Copenhagen: Jesus with a bullhorn
By Michael Schut
[Episcopal News Service] Imagine you are home. Not necessarily the place where you lay your head to rest each night, but the place that feels like home in your bones, in your heart.
Remember the laughter, the tears; maybe the snap of the fall air flushing your cheeks, the hammer of heat, the dew on a soft morning; or the pigeons’ soothing call, the tapping of tree limbs in the wind; or the tide caressing, then slamming, the shore. Now imagine it’s all gone. And you can’t go back.
That’s what the people of the Pacific islands of Tuvalu and Kiribati face. I met the church leaders from those countries this past spring. As they and other ecclesiological leaders from throughout the Pacific Islands listened, Professor Patrick Nunn of the Intergovernmental Panel on Climate Change (winner of the Nobel Peace Prize in 2007) described the impacts of rising sea levels and increased storm severity on those countries.
Because of these climate changerelated impacts, their homelands are likely to be uninhabitable in the next 20 to 30 years. The emission of greenhouse gases from the burning of fossil fuels on the Pacific Islands is infinitesimal compared to the approximately 25 percent of the emissions emanating from the United States. (And we’ve got only 4 to 5 percent of the world’s population.)
Before that gathering of Pacific Island leaders, I met an attorney working for the Anglican Church in the Philippines. He and Prime Bishop Edward P. Malecdan wrote in a recent letter:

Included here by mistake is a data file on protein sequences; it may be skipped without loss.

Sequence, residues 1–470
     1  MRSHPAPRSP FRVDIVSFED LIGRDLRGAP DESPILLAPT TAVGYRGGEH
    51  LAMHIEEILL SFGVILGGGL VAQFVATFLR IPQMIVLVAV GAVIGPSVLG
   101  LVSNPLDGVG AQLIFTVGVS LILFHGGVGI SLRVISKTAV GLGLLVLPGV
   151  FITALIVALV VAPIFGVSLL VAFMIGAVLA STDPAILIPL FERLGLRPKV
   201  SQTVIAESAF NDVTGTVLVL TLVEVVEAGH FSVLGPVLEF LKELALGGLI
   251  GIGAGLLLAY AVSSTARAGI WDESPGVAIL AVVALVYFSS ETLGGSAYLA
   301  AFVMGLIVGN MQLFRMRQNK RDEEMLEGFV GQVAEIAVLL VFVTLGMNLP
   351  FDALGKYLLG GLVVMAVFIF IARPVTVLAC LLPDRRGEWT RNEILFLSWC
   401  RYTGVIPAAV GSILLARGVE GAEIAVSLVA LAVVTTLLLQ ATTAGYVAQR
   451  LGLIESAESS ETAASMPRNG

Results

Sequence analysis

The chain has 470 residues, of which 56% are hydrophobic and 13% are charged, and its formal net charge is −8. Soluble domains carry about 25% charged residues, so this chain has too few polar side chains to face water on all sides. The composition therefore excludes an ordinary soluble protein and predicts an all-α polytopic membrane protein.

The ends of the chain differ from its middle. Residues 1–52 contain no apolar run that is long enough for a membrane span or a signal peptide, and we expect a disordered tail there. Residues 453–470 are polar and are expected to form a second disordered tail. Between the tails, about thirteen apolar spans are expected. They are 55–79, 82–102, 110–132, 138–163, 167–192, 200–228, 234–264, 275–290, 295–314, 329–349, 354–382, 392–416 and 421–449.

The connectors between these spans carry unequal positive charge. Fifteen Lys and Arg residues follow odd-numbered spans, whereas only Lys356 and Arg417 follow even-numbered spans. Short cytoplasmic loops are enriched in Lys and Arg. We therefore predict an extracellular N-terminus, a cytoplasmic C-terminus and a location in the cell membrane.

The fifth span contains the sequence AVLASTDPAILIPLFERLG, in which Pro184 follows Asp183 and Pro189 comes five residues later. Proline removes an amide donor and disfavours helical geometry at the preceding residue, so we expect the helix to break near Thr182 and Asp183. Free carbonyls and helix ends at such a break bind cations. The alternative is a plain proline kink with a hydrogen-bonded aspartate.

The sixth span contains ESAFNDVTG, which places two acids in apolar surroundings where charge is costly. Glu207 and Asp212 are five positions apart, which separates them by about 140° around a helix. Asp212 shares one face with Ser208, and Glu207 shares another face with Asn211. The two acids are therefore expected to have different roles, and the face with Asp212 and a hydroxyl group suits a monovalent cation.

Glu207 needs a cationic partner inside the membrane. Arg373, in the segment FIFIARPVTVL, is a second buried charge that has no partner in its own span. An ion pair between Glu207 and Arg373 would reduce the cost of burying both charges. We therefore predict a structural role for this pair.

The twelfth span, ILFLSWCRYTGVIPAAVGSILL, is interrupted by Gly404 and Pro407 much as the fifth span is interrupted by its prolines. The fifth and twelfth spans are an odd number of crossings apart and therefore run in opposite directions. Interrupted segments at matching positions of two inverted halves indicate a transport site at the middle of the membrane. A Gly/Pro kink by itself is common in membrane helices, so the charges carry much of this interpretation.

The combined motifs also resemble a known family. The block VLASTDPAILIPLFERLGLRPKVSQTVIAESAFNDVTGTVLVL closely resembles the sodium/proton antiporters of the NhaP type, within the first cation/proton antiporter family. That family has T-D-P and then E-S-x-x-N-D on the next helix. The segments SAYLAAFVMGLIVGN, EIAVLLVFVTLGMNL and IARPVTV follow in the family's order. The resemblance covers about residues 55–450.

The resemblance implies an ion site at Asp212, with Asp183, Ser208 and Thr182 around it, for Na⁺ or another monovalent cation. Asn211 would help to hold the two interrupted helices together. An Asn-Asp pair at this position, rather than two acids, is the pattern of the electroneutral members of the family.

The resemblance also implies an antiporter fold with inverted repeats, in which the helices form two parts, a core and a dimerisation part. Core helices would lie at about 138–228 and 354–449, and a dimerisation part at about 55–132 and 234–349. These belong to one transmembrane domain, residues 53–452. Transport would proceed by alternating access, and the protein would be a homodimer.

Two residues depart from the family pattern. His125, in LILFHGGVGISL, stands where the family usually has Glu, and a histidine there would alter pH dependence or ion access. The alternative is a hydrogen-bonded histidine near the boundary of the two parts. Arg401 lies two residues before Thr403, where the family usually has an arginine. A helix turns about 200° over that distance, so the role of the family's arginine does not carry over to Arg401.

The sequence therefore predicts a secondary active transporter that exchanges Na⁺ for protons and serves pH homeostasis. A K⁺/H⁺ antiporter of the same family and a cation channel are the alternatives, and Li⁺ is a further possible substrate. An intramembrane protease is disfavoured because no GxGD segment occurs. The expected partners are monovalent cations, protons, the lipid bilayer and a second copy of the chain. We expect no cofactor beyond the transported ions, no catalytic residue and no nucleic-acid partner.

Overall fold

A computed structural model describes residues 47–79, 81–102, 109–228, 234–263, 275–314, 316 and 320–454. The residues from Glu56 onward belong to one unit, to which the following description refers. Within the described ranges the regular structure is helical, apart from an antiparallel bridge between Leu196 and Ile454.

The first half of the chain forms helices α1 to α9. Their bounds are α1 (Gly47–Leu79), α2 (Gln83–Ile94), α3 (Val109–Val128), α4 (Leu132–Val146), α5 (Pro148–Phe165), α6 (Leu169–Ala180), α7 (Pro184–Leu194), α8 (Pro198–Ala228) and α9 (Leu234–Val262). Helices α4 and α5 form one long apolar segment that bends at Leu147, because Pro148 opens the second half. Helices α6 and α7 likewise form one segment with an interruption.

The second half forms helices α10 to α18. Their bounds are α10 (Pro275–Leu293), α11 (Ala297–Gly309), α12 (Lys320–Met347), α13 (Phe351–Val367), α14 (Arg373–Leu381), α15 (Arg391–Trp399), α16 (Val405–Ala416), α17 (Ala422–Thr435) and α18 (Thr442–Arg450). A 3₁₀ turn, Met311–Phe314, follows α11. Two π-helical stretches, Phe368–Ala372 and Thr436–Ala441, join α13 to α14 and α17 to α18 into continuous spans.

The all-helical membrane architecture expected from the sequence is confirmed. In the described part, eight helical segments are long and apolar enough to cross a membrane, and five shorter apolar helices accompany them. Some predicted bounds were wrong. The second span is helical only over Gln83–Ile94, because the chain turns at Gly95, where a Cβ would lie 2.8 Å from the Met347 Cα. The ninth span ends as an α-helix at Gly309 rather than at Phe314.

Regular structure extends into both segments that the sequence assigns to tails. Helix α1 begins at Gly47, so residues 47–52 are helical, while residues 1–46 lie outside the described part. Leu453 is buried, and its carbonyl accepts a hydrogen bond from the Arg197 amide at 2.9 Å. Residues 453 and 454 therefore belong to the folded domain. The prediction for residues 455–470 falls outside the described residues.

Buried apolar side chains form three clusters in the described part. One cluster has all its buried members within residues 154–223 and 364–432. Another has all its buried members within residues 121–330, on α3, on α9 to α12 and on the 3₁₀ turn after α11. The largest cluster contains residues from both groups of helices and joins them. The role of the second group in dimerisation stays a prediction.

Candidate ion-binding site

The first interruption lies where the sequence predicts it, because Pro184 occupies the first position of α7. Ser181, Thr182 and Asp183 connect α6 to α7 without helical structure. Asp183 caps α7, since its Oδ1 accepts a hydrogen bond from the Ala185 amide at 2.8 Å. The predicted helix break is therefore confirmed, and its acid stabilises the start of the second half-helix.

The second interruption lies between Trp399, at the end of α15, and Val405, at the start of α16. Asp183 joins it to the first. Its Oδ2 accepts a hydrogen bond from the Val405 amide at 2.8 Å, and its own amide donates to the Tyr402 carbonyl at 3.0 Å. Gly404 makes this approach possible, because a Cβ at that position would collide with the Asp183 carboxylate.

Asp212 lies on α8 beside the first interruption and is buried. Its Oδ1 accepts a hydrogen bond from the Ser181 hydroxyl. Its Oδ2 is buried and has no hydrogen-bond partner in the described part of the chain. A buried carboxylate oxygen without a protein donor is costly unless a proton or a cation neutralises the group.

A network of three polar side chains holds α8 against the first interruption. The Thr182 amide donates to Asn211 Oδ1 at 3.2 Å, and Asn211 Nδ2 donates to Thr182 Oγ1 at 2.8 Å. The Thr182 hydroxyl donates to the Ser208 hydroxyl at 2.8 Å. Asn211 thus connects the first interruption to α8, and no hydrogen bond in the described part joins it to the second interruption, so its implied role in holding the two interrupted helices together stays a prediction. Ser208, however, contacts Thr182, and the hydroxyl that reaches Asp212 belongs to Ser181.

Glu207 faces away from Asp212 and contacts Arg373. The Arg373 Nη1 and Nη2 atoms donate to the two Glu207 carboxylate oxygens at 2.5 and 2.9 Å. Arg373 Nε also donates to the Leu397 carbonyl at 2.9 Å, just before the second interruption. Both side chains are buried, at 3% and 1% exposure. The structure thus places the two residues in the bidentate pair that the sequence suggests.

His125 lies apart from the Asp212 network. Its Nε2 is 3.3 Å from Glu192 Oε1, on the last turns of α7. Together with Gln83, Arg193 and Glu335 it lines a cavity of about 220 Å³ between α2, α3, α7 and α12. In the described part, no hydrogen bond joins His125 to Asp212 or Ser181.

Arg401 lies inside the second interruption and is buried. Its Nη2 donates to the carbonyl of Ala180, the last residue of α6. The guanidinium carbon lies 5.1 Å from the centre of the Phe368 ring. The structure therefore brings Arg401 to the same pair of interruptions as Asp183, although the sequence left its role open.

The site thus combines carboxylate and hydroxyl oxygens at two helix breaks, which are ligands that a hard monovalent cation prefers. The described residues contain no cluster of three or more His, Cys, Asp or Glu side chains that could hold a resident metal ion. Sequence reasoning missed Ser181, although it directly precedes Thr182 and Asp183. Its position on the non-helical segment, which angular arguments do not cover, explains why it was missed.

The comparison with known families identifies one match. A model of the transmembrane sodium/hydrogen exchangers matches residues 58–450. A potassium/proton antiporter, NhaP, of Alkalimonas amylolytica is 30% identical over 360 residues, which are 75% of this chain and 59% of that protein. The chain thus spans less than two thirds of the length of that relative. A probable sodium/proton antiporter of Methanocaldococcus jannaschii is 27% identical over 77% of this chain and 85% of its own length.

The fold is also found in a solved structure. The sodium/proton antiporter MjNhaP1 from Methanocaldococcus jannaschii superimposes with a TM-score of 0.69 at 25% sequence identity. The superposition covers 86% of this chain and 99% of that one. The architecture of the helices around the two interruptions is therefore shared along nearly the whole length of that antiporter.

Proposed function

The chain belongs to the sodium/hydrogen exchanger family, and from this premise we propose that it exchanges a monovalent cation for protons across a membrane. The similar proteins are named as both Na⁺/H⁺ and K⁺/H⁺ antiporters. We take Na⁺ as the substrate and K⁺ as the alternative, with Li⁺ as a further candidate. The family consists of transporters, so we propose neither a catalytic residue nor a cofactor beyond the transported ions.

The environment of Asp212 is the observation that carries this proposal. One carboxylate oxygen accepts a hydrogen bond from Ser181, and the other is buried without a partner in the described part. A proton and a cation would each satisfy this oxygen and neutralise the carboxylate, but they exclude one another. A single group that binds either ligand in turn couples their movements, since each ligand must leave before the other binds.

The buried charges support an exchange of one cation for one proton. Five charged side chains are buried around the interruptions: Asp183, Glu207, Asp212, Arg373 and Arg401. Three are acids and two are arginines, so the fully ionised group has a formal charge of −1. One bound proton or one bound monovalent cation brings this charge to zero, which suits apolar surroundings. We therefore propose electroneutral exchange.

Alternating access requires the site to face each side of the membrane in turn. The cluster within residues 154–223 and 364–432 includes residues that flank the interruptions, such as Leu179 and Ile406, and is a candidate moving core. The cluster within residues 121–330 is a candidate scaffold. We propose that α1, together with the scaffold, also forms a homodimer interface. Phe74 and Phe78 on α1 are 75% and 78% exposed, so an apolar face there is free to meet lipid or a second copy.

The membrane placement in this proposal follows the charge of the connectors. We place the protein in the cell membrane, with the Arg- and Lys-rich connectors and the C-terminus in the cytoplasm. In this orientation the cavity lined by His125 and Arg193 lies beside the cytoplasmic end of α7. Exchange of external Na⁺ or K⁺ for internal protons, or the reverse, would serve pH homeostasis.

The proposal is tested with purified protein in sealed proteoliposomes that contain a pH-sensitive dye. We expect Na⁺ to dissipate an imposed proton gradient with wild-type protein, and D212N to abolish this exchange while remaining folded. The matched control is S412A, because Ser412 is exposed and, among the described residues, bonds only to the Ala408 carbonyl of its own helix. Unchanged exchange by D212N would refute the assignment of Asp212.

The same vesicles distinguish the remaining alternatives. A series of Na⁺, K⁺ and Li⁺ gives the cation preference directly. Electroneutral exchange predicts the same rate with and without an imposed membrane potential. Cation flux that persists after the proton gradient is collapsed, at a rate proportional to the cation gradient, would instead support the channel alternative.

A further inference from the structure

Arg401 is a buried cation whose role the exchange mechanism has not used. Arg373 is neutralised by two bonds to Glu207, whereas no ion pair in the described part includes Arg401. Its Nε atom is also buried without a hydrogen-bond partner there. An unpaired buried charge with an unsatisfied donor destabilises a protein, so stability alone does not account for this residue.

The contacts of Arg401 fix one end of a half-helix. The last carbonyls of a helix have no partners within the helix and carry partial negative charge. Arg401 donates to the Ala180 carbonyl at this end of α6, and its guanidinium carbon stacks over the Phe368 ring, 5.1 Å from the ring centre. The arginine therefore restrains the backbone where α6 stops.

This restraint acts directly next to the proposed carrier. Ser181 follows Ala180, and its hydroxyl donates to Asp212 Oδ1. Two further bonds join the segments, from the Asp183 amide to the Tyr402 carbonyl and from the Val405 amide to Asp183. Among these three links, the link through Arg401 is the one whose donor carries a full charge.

“A year ago, our own bishop of our Diocese of North Central Philippines, [the] Rt. Rev. Joel A. Pachao, said in a meeting with some of our foreign partners, ‘We are doing all these environmental stewardship programs so that you can continue to drive your SUVs.’ It was an expression of anger … over the fact that it is us in the socalled ‘developing … countries’ who are suffering most from the effects of climate change, which can be attributed to carbon … emissions, the bulk of which are from the Western developed countries.”
Climate change does not only affect distant countries. Here in Seattle, one of our biggest concerns is that a warming climate melts snowpack earlier in the spring, effectively melting away the water source for our dry summers. And though we cannot attribute any one event solely to a changing climate, the kinds of storms that devastated New Orleans are precisely the kinds of events scientists predict will increase in frequency and strength. Copenhagen
World leaders gather in Copenhagen in December to negotiate a successor agreement to the Kyoto climate accords. Their task is to set binding targets to reduce greenhouse-gas emissions.
Copenhagen matters for reasons too innumerable to list here. Fundamentally, though, if you agree that God’s creation is sacred and we are called to be servants and caretakers of this beautiful garden, then climate change becomes one of the moral concerns of our time. Many scientists concur that climate change, unchecked, will (among other things) lead to the dislocation of millions of “environmental refugees,” to increased rates of species extinctions, to shifts in rainfall patterns and thus food production and supply, and to conflicts over resource scarcity.